Bankruptcy Trustee Opposes Arrow Trucking Trio's Claim on $1.83 Million


Patrick J. Malloy III, Arrow's bankruptcy trustee, opposes to the claims by Jonathan Moore, the company's former chief financial officer; Joseph Mowry, its former secretary and general counsel; and Sherril Roberts, the former president and CEO of Altura Insurance Group Inc., a licensed insurance broker conceived by Arrow executives in 2005. Mowry and Roberts are married.

After 61 years in business, Arrow Trucking, a flatbed carrier, filed for Chapter 7 bankruptcy liquidation in January 8.

When Arrow suddenly ceased operations in December 22 without prior notice, several hundred employees and more than 1,000 drivers lost their jobs. Most of the former employees and drivers have or are expected to file wage claims.

A lawsuit was filed by an Arrow lender, Transportation Alliance Bank of Ogden, Utah. Moore and Mowry are defendants in the lawsuit. The bank implicates the former executives and former President and CEO Douglas Pielsticker in driving the company into bankruptcy and cost the bank $12.5 million by engaging in bank fraud, wire fraud, and "self-dealing."

Malloy filed an objection in U.S. Bankruptcy Court for the Northern District of Oklahoma in Tulsa. It indicated there that Moore's claim for $20,596 for "un-reimbursed medical and unpaid vacation" does not specify what share of that is unpaid medical benefits and how much is unpaid vacation.

Malloy wrote,"The unpaid medical is not entitled to be treated as a priority wage claim."

He said Moore's claim should be subordinated to all other claims against the bankruptcy estate.

"Moore was, in the months prior to the commencement of these proceedings, the CFO of the debtor," Malloy's objection says.

"He knew the financial condition of the debtor and was fully aware that continuing operations was reckless and ultimately pursued on the backs of the creditors - particularly the employees.

"(I)n the months prior to bankruptcy, Moore was involved in a scheme to issue phony and inflated invoices to the debtor's financing agent, Transportation Alliance Bank, which has resulted in millions of dollars in claims against this estate.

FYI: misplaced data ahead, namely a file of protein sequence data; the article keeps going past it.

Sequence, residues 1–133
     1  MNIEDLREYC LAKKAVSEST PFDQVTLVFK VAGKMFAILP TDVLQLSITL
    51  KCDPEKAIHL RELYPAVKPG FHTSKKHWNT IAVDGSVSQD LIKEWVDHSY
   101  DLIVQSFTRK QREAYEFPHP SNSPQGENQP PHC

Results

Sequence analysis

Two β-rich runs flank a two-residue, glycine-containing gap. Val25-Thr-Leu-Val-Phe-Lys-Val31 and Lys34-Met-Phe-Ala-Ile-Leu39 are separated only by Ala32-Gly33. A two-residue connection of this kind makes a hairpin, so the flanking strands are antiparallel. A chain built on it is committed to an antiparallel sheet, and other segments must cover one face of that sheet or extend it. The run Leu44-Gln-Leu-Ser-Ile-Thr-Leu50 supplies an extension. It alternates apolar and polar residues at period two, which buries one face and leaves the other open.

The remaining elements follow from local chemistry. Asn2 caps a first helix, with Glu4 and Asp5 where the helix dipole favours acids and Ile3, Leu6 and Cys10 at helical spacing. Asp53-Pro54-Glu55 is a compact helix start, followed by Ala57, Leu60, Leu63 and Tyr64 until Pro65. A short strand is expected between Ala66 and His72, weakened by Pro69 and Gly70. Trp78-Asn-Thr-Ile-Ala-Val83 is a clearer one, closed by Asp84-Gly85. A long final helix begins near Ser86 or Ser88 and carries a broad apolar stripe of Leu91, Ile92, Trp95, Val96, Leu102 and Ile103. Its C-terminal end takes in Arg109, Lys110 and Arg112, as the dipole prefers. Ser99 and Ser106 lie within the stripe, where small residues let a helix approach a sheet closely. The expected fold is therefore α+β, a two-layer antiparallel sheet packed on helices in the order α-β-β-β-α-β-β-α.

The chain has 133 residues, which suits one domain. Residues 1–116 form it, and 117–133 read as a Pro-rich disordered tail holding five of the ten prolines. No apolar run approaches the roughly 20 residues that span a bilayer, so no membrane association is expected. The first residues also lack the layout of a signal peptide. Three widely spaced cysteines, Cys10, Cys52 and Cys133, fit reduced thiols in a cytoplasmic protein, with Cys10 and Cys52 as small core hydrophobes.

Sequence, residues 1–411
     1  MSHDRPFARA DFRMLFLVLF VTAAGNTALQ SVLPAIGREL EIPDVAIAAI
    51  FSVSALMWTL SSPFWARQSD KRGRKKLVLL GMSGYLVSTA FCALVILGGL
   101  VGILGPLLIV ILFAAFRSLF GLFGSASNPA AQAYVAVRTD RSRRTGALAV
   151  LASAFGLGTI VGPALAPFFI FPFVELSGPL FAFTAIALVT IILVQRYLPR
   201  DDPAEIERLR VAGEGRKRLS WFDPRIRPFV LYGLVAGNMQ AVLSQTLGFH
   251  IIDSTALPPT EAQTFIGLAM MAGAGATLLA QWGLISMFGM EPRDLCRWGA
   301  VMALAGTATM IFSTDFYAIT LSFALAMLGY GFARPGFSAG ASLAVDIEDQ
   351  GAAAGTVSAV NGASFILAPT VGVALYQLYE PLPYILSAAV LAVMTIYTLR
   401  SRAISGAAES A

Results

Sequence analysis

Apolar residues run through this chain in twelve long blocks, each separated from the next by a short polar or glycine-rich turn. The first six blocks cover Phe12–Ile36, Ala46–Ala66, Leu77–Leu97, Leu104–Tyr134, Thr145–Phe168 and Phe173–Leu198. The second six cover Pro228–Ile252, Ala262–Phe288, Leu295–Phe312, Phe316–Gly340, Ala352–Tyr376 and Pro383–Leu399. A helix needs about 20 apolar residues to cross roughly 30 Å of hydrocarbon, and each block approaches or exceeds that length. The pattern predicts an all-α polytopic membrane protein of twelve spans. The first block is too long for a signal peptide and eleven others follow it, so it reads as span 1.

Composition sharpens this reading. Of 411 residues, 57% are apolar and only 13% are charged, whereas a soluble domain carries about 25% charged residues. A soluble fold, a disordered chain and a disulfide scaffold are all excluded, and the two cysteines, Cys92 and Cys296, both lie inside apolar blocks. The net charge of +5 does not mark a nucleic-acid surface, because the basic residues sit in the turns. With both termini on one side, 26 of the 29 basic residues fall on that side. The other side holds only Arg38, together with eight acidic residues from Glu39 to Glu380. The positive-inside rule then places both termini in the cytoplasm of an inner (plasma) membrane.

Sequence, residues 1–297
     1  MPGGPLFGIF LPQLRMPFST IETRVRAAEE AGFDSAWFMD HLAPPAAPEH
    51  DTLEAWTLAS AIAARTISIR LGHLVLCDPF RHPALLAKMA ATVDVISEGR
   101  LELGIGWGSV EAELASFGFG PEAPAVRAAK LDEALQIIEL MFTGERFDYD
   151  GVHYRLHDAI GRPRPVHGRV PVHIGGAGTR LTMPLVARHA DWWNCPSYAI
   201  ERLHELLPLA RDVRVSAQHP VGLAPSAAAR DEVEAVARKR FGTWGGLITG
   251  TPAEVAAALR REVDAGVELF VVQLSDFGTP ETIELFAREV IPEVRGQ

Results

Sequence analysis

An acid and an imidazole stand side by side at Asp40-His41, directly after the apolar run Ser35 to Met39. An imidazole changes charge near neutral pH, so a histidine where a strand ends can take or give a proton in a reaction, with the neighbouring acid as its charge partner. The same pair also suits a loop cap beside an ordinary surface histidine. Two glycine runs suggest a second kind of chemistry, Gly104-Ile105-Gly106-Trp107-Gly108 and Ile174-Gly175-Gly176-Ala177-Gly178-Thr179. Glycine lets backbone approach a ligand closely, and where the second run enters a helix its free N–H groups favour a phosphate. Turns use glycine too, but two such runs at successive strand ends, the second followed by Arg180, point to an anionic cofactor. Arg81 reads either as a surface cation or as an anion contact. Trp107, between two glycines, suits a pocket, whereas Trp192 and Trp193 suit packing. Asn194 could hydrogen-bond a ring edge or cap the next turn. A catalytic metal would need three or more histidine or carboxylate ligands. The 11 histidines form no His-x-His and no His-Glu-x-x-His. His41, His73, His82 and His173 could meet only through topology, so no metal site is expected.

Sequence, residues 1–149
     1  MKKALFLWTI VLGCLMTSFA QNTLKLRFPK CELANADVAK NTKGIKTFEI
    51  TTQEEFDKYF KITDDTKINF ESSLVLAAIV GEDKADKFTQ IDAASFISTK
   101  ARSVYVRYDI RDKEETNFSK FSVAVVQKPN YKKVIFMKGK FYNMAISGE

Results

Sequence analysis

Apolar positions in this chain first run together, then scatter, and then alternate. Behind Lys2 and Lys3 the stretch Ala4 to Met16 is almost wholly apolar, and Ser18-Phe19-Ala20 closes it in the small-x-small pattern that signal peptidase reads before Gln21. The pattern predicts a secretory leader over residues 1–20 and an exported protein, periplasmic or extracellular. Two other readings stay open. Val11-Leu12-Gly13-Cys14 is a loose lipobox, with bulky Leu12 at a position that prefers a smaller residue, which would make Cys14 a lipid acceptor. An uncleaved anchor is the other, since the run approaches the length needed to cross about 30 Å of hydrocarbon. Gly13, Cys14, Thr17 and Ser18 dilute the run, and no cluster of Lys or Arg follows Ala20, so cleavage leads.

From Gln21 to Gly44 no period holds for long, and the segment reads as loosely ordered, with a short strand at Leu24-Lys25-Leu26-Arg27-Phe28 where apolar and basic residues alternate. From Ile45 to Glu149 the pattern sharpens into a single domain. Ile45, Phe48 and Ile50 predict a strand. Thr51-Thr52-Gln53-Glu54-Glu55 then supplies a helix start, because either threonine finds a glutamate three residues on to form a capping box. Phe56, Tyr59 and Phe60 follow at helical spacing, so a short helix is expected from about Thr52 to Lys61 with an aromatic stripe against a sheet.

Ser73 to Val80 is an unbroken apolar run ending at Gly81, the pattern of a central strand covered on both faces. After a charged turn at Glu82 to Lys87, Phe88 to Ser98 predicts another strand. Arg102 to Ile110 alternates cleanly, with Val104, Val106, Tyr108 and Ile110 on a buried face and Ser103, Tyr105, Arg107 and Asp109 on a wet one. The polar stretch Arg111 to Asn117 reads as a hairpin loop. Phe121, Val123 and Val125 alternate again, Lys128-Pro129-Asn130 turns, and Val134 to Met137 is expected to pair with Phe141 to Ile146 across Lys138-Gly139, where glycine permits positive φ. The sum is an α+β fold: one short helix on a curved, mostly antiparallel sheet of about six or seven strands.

"Based upon these and other facts, Moore's claim, in whatever amount, should be equitably subordinated to the claims of all other creditors."

Malloy also objected to Mowry's claim for $468,644.

In a telephone interview, Mowry said, that all but $15,000 of his claim consists of employee withholding taxes and penalties unpaid by Arrow to the Oklahoma Tax Commission and the New Jersey Department of the Treasury.

"My wage claim is $15,000 - my last two paychecks," he said.

This is Malloy's objection to Mowry's claim. He says that being an officer of the company, Mowry's claim should be subordinated to all other claims.

"In that capacity, he engaged in acts or permitted acts which resulted in the dissipation of the debtor's assets; the continued operations of the debtor's business in the face of deteriorating financial conditions and with full knowledge the debtor would incur liabilities beyond its ability to pay; and the issuance of phony invoices to the debtor's financing agent, which has resulted in the debtor's accumulation of millions of dollars in liabilities."

Roberts and Altura Insurance Group, which arranged auto -- liability and workers compensation insurance for Arrow -- filed an $894,754 in priority wage claims, which Malloy also heavily opposes.

Reimbursement for "insurance services per brokerage services agreement," is what Robert's claim seeks.

Robert's claims are not entitled to priority status and should be subordinated to all other claims, as what have Malloy's objection says.

"That upon information and belief, the trustee states that the debtor paid substantial sums to Altura for no consideration or inadequate consideration at a time when it was insolvent," the objection indicates. "That the insiders who created and formed Altura caused Altura to transfer substantial portions of the monies paid by the debtor to them as part of a 'leveraged sale.' That the alleged premiums were paid relative to policies issued by insurance companies formed by the insiders and which are now in receivership in the state of Arizona."

In 2006, a year after the company was founded, Roberts claimed that she bought out all of Altura's shareholders, including her husband.

According to Roberts, Doug Pielsticker liquidated his 47.5 percent in Altura for approximately $500,000. Arrow's owner, Carol Pielsticker - Doug Pielsticker's mother - liquidated her 22.5 percent interest in Altura for about $250,000.

Mowry also invested approximately $1,000 in Altura in 2005. He said that he was able to sell his share for $100,000 to Roberts a year later.